Williams %R

Last updated:

Williams %R

The Williams %R is an indicator developed by Larry Williams and is sometimes called Williams Overbought/Oversold Index.


Williams %R is plotted on an inverted scale with 0 at the top and 100 at the bottom.

Williams %R is based on a presumption that prices tend to close in the upper end of the range in the late stages of an uptrend and tend to close in the lower end of their ranges during the final stages of a downtrend. In this respect it is similar to the Stochastic indicator, but where the Stochastic compares the close to the lowest low over a specified period, the Williams %R compares the close to the highest high over a specified period.


Analyzing and interpreting the Williams %R is very similar to that for the Stochastic Indicator except that Williams %R is inverted, and the Stochastic is smooth due to the averaging for the %D line.

Readings in the range of 80 to 100% indicate that the market is oversold, while readings in the 0 to 20% range suggest that the market is overbought.

As with all overbought/oversold indicators there are many false signals and so it is best to wait for the price to change direction before placing your trades. Perhaps combining an oversold signal with a short term Highest High as a trigger could produce the beginnings of a trading system.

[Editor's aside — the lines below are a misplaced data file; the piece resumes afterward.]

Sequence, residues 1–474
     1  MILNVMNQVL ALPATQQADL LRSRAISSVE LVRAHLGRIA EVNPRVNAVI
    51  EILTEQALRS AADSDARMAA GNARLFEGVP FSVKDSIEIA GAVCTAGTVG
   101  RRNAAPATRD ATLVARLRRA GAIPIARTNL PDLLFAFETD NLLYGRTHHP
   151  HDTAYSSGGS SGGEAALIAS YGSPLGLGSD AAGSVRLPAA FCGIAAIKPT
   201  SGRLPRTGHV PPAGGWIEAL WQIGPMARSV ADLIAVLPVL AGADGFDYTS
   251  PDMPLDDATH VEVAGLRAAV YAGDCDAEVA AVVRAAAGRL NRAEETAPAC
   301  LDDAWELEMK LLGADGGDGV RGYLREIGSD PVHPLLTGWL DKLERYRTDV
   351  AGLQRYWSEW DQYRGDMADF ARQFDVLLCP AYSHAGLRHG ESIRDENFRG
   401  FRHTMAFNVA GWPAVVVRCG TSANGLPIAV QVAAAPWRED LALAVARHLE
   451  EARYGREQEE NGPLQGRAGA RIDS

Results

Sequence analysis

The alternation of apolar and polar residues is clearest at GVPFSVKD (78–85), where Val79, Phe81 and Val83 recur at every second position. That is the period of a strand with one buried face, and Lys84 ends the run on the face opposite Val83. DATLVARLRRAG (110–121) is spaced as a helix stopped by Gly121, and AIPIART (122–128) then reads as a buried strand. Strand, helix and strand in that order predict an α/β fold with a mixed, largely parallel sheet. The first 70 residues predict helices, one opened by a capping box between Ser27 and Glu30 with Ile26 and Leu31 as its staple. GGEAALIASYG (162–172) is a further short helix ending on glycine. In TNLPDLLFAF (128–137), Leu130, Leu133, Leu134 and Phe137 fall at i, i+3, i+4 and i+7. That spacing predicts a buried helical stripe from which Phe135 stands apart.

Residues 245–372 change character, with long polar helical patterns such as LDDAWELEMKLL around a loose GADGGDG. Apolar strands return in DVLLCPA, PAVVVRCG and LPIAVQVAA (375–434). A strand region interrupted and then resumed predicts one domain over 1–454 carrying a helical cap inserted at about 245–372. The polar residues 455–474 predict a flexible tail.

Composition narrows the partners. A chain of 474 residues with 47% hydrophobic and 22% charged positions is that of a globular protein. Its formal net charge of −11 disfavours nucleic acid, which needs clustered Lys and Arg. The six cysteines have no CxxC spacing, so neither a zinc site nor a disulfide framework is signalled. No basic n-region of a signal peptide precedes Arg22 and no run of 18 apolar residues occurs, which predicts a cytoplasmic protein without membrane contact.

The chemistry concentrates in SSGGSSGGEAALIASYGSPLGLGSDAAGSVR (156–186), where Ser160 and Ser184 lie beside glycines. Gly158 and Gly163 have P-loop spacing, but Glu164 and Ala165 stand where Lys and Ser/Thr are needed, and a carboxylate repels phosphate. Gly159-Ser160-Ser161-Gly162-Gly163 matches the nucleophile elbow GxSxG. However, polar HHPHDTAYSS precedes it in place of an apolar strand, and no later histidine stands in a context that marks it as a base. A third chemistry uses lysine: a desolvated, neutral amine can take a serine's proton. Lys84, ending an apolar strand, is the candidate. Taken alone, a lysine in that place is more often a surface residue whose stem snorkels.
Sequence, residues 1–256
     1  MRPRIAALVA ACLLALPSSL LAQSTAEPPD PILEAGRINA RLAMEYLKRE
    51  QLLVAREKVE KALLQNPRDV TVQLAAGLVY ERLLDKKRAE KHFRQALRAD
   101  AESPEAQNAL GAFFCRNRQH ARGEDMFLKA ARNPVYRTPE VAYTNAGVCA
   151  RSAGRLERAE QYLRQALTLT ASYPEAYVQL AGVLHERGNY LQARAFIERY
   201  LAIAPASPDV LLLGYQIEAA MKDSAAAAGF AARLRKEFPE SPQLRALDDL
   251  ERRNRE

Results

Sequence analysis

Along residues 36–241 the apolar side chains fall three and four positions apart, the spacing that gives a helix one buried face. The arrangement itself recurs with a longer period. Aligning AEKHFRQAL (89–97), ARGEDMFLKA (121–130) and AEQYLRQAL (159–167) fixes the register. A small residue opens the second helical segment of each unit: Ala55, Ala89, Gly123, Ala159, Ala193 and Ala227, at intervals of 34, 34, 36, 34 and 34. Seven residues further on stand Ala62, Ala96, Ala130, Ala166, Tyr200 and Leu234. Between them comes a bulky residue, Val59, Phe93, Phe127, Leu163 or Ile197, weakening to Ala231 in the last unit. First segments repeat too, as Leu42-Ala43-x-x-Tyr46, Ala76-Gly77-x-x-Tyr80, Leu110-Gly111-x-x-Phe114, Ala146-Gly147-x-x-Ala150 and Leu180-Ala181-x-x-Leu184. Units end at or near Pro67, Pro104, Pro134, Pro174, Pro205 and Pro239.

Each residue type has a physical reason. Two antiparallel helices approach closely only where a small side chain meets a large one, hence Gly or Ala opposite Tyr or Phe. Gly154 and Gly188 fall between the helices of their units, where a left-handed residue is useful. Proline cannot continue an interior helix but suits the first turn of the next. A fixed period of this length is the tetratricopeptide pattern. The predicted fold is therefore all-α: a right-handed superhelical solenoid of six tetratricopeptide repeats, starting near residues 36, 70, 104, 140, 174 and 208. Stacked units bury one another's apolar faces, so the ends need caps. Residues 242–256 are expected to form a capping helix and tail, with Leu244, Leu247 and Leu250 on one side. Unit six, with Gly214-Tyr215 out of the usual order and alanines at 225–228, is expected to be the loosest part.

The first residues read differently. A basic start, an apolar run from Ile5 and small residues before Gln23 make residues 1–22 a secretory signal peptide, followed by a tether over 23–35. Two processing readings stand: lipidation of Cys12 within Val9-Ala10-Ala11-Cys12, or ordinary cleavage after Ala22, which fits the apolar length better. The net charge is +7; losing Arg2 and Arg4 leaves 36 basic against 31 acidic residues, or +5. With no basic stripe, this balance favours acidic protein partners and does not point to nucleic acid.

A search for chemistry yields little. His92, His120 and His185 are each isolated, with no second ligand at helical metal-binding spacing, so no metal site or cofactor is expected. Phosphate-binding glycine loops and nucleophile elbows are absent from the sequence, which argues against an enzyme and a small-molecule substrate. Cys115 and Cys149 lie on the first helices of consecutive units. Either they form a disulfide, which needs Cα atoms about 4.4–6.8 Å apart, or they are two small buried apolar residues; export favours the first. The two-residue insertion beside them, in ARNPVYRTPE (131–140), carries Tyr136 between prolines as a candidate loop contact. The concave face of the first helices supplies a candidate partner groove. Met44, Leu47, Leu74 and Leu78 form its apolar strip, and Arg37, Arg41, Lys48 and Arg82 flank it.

Alternatively, if an overbought/oversold indicator (such as the Stochastic Oscillator or Williams %R) is showing an overbought condition, it is prudent to wait for the price to subsequently turn down ( and trade below the Lowest Low indicator for confirmation. It is not unusual for overbought/oversold indicators such as the Williams %R to remain in an overbought/oversold condition for a long while a strong trend is in place. Under these circumstances many false signals will be given.

Observers of the Williams %R indicator say it has an uncanny ability to anticipate a reversal in the underlying security's price. The indicator can peak and turn down a few periods before the security's price peaks and turns down. Likewise, %R can create a trough and turn upward a few periods before the security's price turns up.

However, as with all trading, remember that false signals are possible. For this reason traders should learn and understand the benefits of using stop losses and applying them to limit the adverse impact of losing trades on an account.

  1. Back to top